Approved killing: Dutch practice recalls the days of the Nazis
For nearly five years during World War II, the Netherlands endured brutal occupation by Nazi Germany. The Dutch people lived under harsh rule, and many were shipped off to death camps.
You would think the Dutch would be among the last to adopt any of the views and customs of the Nazis. In some ways, however, they are leading the way back to practices that shocked the world when they were revealed with the fall of the Third Reich.
The Netherlands was the first country to legalize euthanasia, and doctors there sometimes agree to kill people who wish to die. Now there is discussion of a proposal to take permitted homicide even further and allow mercy killings of terminally ill infants.
It gets worse. One hospital, Groningen Academic Hospital, has disclosed that it has already allowed euthanasia of newborns.
The country’s primary medical association, KNMG, has urged the Health Ministry to create an independent board to review cases to determine whether terminally ill patients “with no free will” can be put to death. These would include children, mentally retarded people and those in comas.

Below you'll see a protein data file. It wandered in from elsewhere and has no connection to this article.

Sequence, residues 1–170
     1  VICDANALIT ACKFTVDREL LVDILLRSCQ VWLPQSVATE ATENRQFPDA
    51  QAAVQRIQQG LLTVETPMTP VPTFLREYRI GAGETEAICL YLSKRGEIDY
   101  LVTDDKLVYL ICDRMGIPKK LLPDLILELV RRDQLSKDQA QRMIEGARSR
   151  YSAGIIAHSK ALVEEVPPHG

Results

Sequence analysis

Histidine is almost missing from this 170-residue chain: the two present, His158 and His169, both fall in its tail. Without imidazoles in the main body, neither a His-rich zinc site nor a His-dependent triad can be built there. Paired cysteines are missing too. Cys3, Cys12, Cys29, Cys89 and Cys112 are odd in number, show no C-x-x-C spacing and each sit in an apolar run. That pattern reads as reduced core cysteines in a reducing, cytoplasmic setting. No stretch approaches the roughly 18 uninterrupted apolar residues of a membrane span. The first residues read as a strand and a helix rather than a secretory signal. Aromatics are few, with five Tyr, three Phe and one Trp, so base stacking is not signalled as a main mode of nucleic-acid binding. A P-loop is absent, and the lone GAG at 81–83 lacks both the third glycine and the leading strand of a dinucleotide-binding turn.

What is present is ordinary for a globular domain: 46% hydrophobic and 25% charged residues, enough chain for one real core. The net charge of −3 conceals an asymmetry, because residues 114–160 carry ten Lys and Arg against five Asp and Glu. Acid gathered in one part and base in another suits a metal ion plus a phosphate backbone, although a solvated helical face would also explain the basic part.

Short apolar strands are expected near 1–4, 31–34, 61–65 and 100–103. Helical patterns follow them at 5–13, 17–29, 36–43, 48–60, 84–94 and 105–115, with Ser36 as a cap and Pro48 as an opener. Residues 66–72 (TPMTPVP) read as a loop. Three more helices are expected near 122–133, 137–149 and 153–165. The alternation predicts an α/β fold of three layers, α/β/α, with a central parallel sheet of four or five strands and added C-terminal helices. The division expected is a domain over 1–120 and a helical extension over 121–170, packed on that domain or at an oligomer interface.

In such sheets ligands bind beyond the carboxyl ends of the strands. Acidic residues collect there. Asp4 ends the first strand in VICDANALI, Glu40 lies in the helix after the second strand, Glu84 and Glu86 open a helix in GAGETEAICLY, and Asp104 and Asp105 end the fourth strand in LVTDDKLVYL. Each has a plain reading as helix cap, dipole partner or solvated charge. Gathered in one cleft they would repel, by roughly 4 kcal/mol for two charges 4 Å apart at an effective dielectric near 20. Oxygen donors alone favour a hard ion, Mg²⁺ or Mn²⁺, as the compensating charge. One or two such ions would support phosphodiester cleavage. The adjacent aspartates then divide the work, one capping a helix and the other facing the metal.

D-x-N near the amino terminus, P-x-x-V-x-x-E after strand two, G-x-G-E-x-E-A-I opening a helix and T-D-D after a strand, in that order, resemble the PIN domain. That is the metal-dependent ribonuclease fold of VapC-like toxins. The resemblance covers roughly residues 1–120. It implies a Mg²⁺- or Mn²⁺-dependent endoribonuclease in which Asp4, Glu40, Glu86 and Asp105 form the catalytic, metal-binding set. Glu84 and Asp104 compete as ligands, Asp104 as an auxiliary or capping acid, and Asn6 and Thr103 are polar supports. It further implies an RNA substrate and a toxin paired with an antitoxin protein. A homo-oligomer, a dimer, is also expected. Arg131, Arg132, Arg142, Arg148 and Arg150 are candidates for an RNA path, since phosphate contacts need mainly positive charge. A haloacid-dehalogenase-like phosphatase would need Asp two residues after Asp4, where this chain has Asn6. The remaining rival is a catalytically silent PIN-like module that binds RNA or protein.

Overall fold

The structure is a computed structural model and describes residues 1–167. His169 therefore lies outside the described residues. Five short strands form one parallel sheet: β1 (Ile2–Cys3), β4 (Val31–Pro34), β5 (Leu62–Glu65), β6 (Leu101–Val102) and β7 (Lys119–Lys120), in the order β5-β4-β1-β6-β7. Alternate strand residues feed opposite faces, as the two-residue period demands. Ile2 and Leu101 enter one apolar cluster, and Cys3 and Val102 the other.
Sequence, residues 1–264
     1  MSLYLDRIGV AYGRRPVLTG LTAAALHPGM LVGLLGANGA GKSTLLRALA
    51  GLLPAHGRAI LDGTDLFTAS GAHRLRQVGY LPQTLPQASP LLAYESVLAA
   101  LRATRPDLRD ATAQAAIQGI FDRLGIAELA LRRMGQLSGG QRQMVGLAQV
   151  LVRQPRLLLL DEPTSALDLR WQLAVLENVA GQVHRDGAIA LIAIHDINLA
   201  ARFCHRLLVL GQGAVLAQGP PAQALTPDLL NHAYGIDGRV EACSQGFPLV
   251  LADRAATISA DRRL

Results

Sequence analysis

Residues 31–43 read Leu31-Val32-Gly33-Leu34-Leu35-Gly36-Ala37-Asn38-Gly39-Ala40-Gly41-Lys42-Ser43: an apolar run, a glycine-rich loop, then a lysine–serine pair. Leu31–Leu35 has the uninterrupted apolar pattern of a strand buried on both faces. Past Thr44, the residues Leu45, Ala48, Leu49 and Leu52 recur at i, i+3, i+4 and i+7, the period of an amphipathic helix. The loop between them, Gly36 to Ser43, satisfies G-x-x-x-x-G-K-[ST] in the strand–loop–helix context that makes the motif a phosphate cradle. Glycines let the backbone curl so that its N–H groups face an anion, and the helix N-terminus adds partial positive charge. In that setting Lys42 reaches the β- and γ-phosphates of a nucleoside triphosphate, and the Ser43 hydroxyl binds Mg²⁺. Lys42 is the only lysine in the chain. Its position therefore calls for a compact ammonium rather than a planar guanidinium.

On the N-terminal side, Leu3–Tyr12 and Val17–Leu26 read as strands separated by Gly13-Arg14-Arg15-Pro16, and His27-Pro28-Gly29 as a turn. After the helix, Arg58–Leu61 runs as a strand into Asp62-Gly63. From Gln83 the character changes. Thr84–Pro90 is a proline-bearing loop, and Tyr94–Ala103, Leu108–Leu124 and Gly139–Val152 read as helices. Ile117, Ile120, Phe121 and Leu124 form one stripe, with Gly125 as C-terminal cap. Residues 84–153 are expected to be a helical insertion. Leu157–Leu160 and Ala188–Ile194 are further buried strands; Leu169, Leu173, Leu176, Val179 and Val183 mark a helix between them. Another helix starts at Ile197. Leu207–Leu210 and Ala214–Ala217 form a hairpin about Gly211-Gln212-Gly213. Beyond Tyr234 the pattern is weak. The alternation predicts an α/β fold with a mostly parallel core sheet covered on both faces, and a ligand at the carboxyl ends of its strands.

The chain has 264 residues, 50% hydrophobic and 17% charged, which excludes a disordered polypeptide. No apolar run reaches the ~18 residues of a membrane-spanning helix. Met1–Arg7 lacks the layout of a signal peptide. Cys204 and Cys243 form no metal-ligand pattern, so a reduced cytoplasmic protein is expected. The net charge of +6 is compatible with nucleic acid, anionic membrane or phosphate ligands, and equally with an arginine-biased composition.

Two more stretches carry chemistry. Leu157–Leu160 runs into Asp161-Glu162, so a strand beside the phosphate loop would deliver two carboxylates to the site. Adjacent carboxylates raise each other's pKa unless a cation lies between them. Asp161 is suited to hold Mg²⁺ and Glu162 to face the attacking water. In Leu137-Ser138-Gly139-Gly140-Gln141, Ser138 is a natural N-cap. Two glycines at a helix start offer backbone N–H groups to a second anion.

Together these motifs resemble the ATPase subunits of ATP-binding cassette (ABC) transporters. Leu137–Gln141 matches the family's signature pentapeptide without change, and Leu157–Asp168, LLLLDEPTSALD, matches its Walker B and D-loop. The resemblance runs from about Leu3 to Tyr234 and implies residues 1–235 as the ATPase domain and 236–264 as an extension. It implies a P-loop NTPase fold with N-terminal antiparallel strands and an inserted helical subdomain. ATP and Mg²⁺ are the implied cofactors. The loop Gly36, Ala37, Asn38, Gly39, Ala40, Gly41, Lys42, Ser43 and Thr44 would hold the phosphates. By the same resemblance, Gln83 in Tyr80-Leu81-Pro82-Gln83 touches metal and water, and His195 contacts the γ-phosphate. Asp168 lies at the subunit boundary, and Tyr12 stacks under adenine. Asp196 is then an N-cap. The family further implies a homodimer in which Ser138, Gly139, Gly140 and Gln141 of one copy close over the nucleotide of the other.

That would be alarmingly similar to Nazi doctors deciding who was fit to live.
We in the United States cannot dictate policy to Holland, but we should protest, and we should be resolved that no such practices will ever be tolerated in this country.
Our reverence for life has already waned to the point that many Americans approve of partial-birth abortion for the sake of convenience. Let’s not let it wane further.
Unless we as a society believe that there is innate dignity and value in human life, the value of our own individual lives is diminished.
To decide to kill a person rather than to care for him is outrageous.
Published in Editorials on December 9, 2004 11:11 AM